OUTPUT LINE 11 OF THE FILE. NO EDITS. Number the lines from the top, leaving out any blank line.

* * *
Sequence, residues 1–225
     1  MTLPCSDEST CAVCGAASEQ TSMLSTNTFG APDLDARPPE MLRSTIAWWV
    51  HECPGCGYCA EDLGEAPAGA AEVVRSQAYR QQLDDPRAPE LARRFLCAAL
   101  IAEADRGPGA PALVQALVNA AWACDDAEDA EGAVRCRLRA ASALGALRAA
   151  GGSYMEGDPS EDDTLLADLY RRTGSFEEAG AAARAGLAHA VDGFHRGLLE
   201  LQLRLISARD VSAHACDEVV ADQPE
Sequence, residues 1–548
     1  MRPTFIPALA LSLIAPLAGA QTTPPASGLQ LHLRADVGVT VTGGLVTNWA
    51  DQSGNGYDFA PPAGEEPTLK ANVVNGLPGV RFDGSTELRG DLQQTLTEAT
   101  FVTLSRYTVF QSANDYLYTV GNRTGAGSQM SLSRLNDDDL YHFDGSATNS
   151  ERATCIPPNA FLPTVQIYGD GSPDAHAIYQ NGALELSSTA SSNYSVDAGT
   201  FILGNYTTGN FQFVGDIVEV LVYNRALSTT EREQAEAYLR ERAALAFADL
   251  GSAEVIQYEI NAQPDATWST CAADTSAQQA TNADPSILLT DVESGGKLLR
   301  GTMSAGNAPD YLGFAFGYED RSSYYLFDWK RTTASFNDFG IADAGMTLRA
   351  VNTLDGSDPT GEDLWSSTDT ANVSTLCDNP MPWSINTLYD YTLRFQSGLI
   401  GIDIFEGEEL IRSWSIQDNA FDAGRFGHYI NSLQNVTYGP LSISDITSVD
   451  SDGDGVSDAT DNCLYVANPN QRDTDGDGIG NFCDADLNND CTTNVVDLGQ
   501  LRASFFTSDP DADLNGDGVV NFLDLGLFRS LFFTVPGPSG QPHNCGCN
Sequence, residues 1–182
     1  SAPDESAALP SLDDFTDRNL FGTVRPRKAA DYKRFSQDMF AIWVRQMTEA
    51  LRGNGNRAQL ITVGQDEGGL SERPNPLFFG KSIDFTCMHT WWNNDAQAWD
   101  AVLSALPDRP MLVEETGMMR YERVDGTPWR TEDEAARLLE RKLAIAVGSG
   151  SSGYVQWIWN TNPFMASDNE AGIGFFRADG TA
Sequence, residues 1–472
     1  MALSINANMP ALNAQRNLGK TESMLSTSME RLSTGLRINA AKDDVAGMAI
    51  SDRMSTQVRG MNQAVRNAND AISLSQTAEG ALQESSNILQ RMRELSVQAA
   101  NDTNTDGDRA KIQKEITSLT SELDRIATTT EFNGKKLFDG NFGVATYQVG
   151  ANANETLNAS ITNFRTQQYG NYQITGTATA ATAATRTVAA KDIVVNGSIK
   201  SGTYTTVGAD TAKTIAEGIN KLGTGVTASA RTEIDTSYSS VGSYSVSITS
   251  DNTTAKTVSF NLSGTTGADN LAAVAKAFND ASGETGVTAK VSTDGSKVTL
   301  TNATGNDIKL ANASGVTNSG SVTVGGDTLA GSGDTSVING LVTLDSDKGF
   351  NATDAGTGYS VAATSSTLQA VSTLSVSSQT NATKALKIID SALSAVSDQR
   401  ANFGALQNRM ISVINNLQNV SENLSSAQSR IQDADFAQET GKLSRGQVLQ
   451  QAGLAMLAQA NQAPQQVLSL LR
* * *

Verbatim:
   151  ERATCIPPNA FLPTVQIYGD GSPDAHAIYQ NGALELSSTA SSNYSVDAGT